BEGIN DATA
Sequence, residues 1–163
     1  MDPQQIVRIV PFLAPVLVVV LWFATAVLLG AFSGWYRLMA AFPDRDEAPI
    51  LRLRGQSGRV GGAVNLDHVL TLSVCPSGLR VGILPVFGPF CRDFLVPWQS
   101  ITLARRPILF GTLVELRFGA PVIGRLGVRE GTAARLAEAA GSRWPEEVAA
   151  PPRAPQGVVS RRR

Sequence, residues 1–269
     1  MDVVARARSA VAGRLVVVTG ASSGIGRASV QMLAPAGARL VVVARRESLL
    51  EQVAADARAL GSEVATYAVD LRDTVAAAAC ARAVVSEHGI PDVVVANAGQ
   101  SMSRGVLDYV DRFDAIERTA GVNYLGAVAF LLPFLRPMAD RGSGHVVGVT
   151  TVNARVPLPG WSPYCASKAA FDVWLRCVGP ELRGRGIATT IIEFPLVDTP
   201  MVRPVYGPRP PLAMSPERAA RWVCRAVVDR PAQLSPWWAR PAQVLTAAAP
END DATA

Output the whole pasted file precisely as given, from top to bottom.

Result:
Sequence, residues 1–163
     1  MDPQQIVRIV PFLAPVLVVV LWFATAVLLG AFSGWYRLMA AFPDRDEAPI
    51  LRLRGQSGRV GGAVNLDHVL TLSVCPSGLR VGILPVFGPF CRDFLVPWQS
   101  ITLARRPILF GTLVELRFGA PVIGRLGVRE GTAARLAEAA GSRWPEEVAA
   151  PPRAPQGVVS RRR

Sequence, residues 1–269
     1  MDVVARARSA VAGRLVVVTG ASSGIGRASV QMLAPAGARL VVVARRESLL
    51  EQVAADARAL GSEVATYAVD LRDTVAAAAC ARAVVSEHGI PDVVVANAGQ
   101  SMSRGVLDYV DRFDAIERTA GVNYLGAVAF LLPFLRPMAD RGSGHVVGVT
   151  TVNARVPLPG WSPYCASKAA FDVWLRCVGP ELRGRGIATT IIEFPLVDTP
   201  MVRPVYGPRP PLAMSPERAA RWVCRAVVDR PAQLSPWWAR PAQVLTAAAP